Jeff Foxworthy on fifth graders vs. adults
Comedian Jeff Foxworthy talks about hosting Fox's new game show ''Are You Smarter Than a 5th Grader,'' so far a ratings success
If Fox has its way, the pantheon of Great Questions — What is consciousness? How does Magic Shell work? — is about to welcome a new member: Are you smarter than a 5th grader? In the brain-teasing game show of the same name, adult contestants attempt to win a million bucks and avoid unspeakable humiliation while fielding questions last seen on elementary-school pop quizzes. (Contestants are allowed to ”cheat” by consulting with real-life fifth graders.) Are You Smarter is proving no ratings dunce; the Feb. 27 debut chalked up 26.5 million viewers, making it the network’s highest-rated series premiere ever. (Granted, it’s airing this week after American Idol.) To find out what’s so great about grade-school grillings, we tracked down host/noted redneck scholar Jeff Foxworthy on the playground at recess.
ENTERTAINMENT WEEKLY: How would you sum up the appeal of the show?
JEFF FOXWORTHY: It ends up confirming everyone’s worst fear that we’re not, in fact, smarter than fifth graders. You’ve got the game show thing, but you’ve also got a little bit of Kids Say the Darndest Things, because not only is the contestant taking the quiz, but five fifth graders are sitting at desks taking the same quiz they are, and during the course of the show the contestant can cheat of off them. I’m like, ”You want to look at his paper? He weighs 50 pounds! He can be bribed with an ice cream sandwich!” But more often than not, the kids are right. When you start seeing people get up to 50 or 100 grand and they’re banking on 10-year-olds, you’re like, ”Oh, dude, just take the money and run! Even if you win, you’re beating 10-year-0lds!”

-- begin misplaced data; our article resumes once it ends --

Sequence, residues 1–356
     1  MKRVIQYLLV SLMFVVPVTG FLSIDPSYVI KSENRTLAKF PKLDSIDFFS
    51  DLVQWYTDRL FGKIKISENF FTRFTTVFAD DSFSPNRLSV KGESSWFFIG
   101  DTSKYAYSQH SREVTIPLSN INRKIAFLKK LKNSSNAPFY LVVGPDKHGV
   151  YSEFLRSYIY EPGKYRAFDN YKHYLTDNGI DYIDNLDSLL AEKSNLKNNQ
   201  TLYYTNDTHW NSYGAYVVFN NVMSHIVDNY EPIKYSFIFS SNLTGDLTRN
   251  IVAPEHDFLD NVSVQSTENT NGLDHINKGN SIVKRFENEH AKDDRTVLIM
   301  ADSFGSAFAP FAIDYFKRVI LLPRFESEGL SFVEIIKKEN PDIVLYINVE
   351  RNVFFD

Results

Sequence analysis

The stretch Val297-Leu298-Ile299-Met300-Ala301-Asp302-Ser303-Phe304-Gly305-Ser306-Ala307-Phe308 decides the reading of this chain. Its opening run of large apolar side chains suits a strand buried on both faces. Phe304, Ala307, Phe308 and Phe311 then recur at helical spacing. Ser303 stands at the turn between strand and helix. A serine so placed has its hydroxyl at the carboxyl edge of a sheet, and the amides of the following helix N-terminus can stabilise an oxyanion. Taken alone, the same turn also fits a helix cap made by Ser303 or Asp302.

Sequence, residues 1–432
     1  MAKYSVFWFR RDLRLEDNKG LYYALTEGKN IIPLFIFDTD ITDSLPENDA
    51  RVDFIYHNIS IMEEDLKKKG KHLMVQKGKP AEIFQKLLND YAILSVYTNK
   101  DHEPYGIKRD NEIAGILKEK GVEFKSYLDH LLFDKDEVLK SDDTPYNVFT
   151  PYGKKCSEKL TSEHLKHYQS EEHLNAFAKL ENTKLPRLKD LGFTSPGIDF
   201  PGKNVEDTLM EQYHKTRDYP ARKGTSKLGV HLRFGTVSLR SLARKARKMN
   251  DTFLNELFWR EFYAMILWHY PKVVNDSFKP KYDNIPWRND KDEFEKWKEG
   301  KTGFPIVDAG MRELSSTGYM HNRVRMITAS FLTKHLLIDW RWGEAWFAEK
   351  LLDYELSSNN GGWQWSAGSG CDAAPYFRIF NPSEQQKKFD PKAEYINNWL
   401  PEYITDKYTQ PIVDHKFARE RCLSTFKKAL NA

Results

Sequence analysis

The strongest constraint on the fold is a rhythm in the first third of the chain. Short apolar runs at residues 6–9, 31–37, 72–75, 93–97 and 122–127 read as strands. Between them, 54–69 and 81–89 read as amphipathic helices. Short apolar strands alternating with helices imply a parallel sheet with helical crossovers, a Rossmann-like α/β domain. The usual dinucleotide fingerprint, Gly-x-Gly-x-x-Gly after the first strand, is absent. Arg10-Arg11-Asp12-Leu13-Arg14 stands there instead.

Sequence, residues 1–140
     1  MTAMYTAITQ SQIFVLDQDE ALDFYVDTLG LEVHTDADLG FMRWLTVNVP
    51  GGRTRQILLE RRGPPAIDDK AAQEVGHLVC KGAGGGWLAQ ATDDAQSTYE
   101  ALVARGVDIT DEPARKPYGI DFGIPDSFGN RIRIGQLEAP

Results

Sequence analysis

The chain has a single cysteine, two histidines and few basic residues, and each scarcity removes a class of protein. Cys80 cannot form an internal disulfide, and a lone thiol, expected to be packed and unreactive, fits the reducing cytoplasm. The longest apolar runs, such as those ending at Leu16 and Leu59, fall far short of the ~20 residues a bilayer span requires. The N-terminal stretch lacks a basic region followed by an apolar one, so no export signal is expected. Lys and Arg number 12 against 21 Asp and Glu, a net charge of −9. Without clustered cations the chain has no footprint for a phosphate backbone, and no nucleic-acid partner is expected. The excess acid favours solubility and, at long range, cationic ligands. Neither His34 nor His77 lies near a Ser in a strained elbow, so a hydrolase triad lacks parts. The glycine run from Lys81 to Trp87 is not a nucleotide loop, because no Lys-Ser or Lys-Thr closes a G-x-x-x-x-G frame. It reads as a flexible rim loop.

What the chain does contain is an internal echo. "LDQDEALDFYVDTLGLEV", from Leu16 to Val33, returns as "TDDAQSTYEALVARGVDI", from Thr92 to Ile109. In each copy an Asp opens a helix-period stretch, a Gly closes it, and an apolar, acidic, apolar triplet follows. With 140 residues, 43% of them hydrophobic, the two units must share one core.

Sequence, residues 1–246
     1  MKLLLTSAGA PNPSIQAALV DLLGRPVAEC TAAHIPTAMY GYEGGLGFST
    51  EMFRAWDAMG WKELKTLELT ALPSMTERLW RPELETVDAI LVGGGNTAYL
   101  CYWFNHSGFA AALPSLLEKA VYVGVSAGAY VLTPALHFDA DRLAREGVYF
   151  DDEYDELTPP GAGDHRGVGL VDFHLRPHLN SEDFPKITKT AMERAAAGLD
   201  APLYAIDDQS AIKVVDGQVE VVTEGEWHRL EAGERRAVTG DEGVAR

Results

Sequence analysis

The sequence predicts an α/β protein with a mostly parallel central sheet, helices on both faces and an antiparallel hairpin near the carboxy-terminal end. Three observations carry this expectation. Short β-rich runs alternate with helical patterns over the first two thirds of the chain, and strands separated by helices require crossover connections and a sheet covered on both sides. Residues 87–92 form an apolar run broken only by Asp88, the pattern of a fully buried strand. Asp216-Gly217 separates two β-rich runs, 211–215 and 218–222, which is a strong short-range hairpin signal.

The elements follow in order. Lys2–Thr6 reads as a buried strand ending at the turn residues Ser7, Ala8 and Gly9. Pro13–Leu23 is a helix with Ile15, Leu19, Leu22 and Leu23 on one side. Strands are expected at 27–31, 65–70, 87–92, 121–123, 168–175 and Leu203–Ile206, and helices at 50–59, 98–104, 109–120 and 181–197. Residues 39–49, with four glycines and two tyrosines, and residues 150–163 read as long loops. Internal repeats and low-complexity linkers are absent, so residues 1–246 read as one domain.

When you signed on as host, were there any discussions about changing the show’s title to You Might Be Dumber Than a Fifth Grader If…?
In the first few episodes, it starts outside the school with me walking down the sidewalk going, ”Tonight we’re going to find out if a 44-year-old accountant is smarter than a fifth grader…” And over shooting it a couple days, it evolved into ”If you think Thomas Jefferson is the son of George and Weezy Jefferson, you might not be smarter than a fifth grader.” I was going, ”How did this meld into redneck jokes?”
Do you see spin-off potential here?
I think we could even drop it down. That was one of my first questions. I said, ”Why did you pick fifth grade?” And they said, ”We didn’t want to be too easy and that seemed like a nice cutoff because that’s the end of grade school.” When you see people getting stumped on the first question, I’m like, ”What if we do Are You Smarter Than a Preschooler?” That’s not to say adults are dumb, but the knowledge we have now is ”Don’t let Uncle Harry into the egg nog too early into the family Christmas party,” or ”If the car’s almost out of gas, you better stop now because you’re not going to have time in the morning.”
Are you surprised by how many contestants blank on these supposedly easy questions?
I would say so. Initially I thought, on average, they would go further. What I didn’t anticipate — you can kind of joke around with them for the first two or three questions, but when it starts getting up to $50,000 and $100,000 and you’ve got regular working folks here… I’m looking at them thinking, ”There’s no shame in just looking in the camera and saying, ‘I’m not smarter than a fifth grader and [I’m] running [with the cash].”’ Don’t give a TV network the money back. Go! Go! Take their money!
This show is executive produced by Mark Burnett. Will you be introducing any Survivor-like touches in future episodes? Perhaps work in the immunity idol somehow?
No immunity from ignorance. If you don’t know it by now, we can’t learn it to ya.
Toguh question: At what grade level would you put your own knowledge?
Oh, my goodness. I would say I’m probably right about half the time on this stuff, so what does that throw me at? About midway through the third grade. So we will confirm what everybody has always thought: I am winning the war against maturity.